I’ve been busy preparing a paper for an upcoming conference on Calvin. My paper, titled ‘John Calvin: Servant of the Word’, attends to the notion of Calvin as servant/minister of the Word, and considers the attention that preaching occupied in the Reformer’s ministry, his understanding of preaching as divine accommodation, as public, as event, as the Word of God, and its relationship to the proclamation activities of font and table. Along the way, I manage to entertain a few detours, one of which concerns ‘chronological snobbery’.
G.K. Chesterton once quipped that ‘Real development is not leaving things behind, as on a road, but drawing life from them, as from a root. Even when we improve we never progress. For progress, the metaphor from the road, implies a man leaving his home behind him: but improvement means a man exalting the towers or extending the gardens of his home’.
One recalls here that oft-quoted phrase employed by Inklings C.S. Lewis and Owen Barfield – ‘chronological snobbery’. ‘Chronological snobbery’ is the notion, in Barfield’s words, that ‘intellectually, humanity languished for countless generations in the most childish errors on all sorts of crucial subjects, until it was redeemed by some simple scientific dictum of the last century’. ‘Chronological snobbery’ is a fruit of one of modernity’s great lies, and one which slices of the Church have swallowed with significant detriment.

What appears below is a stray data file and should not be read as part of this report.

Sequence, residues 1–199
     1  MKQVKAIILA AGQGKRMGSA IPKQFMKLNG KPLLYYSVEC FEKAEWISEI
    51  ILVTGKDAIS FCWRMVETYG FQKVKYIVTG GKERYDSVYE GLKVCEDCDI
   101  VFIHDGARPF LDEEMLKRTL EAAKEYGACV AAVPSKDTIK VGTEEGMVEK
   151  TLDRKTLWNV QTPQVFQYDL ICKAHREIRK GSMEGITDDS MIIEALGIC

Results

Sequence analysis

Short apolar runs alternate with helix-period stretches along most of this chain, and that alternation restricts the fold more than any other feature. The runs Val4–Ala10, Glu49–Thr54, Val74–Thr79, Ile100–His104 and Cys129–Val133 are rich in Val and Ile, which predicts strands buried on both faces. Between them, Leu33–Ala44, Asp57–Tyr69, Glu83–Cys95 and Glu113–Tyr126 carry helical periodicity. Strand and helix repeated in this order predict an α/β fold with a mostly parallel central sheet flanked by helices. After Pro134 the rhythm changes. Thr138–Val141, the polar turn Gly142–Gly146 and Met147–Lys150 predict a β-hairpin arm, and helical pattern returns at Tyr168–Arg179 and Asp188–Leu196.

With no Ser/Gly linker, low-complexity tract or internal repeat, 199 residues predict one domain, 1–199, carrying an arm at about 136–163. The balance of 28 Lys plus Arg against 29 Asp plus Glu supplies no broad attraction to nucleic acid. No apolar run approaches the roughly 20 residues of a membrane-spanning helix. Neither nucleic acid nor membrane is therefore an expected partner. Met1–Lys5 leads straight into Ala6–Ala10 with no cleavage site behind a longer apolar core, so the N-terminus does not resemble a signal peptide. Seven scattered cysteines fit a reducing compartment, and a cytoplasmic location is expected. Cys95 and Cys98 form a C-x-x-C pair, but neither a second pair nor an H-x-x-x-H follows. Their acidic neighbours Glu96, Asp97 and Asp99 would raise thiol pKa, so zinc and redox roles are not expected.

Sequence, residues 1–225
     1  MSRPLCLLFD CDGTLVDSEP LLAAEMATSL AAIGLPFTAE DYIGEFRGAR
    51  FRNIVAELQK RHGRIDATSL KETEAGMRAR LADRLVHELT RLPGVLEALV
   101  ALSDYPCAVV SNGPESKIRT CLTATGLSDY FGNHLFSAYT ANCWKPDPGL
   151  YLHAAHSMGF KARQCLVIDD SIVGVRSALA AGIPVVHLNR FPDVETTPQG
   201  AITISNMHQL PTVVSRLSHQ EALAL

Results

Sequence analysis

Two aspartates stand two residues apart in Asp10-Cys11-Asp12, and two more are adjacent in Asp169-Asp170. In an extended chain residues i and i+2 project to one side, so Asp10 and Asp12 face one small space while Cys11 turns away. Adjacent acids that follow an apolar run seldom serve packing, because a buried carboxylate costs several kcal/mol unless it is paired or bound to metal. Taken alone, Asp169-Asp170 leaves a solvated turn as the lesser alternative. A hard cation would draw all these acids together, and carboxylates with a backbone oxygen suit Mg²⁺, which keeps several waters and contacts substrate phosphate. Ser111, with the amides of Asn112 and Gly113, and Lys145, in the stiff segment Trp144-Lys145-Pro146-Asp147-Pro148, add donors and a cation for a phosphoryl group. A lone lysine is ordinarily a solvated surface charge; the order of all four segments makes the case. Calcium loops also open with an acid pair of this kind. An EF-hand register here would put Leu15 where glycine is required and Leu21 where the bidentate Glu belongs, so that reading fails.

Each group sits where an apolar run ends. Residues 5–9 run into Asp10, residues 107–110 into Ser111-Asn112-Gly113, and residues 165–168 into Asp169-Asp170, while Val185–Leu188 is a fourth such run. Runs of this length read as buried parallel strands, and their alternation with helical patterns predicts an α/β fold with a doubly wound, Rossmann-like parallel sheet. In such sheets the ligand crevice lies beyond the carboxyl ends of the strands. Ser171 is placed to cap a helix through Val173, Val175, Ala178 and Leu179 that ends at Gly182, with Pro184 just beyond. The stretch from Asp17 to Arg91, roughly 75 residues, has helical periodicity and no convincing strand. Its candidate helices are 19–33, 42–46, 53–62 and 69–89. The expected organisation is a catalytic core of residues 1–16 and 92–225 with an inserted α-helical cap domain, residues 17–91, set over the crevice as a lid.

But a recovery of the Church’s health cannot be purchased via an attempt to return to some golden age. Rather – as the history of God’s people teaches us repeatedly – such recovery comes via realignment with the Church’s evangelical and catholic centre in the gospel itself borne witness to in the prophetic and apostolic writings. At a time when ‘chronological snobbery’ remains the outlook for many, the reading and promotion of such a word will seem ‘countercultural, provocative, [and] strange’.
There are, of course, obvious implications here for pastors. If William Willimon is right that Christians are indeed among ‘the last close readers left in this culture’ (and that is a significant ‘if’), then ‘a major task of pastors is to assist congregations in reading carefully in order to align ourselves to a text, in order to submit and bend ourselves to the complex redescription of reality that is Scripture’.
The best of the alternatives may mean taking on a new look: